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Atkinson v. Muskingum County Commissioners

United States District Court, S.D. Ohio, Eastern Division

November 21, 2019

ERIC R. ATKINSON, Plaintiff,
v.
MUSKINGUM COUNTY COMMISIONERS, et al., Defendants.

          James L. Graham Judge.

          REPORT AND RECOMMENDATION AND ORDER

          KIMBERLY A. JOLSON UNITED STATES MAGISTRATE JUDGE

         This matter is before the Court on Defendants' Motion to Dismiss Plaintiff's Third Cause of Action (Doc. 11) and Defendants' Motion to File Their First Amended Answer (Doc. 13). It is RECOMMENDED that Defendants' Motion to Dismiss Plaintiff's Third Cause of Action be GRANTED. Further, Defendants' Motion to File Their First Amended Answer is GRANTED, and the Clerk is directed to file Doc. 13-1 as Defendants' First Amended Answer.

         I. BACKGROUND

         Plaintiff Eric Atkinson, a pro se prisoner, is currently incarcerated at Noble Correctional Institution. (Doc. 3 at 3). Defendants are the Muskingum County Commissioners, Muskingum County Sheriff's Department, Deputy Sergeant Ryan Williams, Deputy Ryan Dodson, Deputy Michael Lynn, Deputy Jeremy Archer, and K-9 Deputy Narco. (Id. at 4).

         The following allegations are taken from Plaintiff's Complaint: On October 29, 2017, members of the Muskingum County Sheriff's Department made contact with the Plaintiff at his home after receiving a complaint that he assaulted the mother of his children. (Id., ¶ 5). Deputies spoke to Plaintiff through a kitchen window, and Plaintiff indicated that they could not come inside without a warrant. (Id., ¶¶ 6-8).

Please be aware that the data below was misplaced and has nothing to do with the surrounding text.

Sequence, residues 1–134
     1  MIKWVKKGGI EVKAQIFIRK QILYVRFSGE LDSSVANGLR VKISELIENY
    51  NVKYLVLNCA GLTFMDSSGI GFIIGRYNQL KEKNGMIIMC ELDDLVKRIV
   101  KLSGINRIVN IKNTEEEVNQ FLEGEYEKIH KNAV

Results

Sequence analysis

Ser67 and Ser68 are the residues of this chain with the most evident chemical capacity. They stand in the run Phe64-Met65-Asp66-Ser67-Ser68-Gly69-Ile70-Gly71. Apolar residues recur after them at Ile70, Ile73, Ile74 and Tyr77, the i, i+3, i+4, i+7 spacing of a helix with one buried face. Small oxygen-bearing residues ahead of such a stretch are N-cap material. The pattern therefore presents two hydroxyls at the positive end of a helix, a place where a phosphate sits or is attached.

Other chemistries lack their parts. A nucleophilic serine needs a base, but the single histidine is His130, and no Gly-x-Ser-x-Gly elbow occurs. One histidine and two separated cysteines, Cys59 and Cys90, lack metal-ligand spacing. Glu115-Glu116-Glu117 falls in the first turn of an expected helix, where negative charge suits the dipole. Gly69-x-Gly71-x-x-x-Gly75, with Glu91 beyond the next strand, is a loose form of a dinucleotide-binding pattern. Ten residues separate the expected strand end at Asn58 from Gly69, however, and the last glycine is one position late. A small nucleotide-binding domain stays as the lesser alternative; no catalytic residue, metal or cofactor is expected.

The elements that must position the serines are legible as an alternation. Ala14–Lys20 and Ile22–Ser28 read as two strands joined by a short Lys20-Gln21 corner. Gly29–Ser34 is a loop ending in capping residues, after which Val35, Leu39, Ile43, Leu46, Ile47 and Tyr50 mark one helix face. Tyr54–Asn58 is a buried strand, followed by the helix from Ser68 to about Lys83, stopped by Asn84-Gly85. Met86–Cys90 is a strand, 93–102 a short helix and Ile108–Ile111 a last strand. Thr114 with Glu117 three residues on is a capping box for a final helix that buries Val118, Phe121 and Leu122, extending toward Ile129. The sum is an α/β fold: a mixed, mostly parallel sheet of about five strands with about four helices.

Shortly thereafter, Defendant Williams allegedly raised the screen in the window and, along with Defendant Dodson, “dove through the kitchen window, ” landing on top of Plaintiff. (Id., ¶ 10). Plaintiff was knocked unconscious from his head hitting the floor, and Defendants Williams and Dodson “began to punch on the Plaintiff with closed fist[s].” (Id., ¶ 11). After being handcuffed, another deputy on the scene, Defendant Archer, “punched the Plaintiff twice more with a closed fist” causing Plaintiff to fall “back to the floor.” (Id., ¶ 12). Defendant Archer “also allowed his K-9 partner Defendant Narco to aggressively put its face within inches of the plaintiff, as if Defendant Archer was going to allow Defendant Narco to bite Plaintiff with no provocation.” (Id., ¶ 13). While he was unconscious, Defendants Williams, Archer, Dodson, and Lynn “punched and kicked Plaintiff repeatedly.” (Id., ¶ 15). Deputies then dragged Plaintiff outside where he “began coming to and started screaming for help.” (Id., ¶ 17). He was subsequently taken to the hospital where he was treated for a number of injuries to his head and face. (Id., ¶¶ 18-19).

         After leaving the hospital, Plaintiff was taken to Muskingum County Jail “where on several occasions [he] complained of damages to his left eye and right ear and was told by the jail staff that he would be fine.” (Id., ¶ 20). Plaintiff contends that he was subject to medical indifference at the Jail because he “daily asked to see an optometrist or doctor” and his requests were “ignored.” (Id., ¶ 22).

         After filing an initial two-count Complaint (Doc. 3), Plaintiff filed a purported Third Cause of Action against Defendants Williams, Dodson, Archer, Lynn, and K-9 Narco for entering his residence without a warrant or probable cause in violation of the Fourth Amendment, (Doc. 10). Defendants filed the instant Motion to Dismiss and Motion to File First Amended Answer, which have been fully briefed and are ripe for resolution.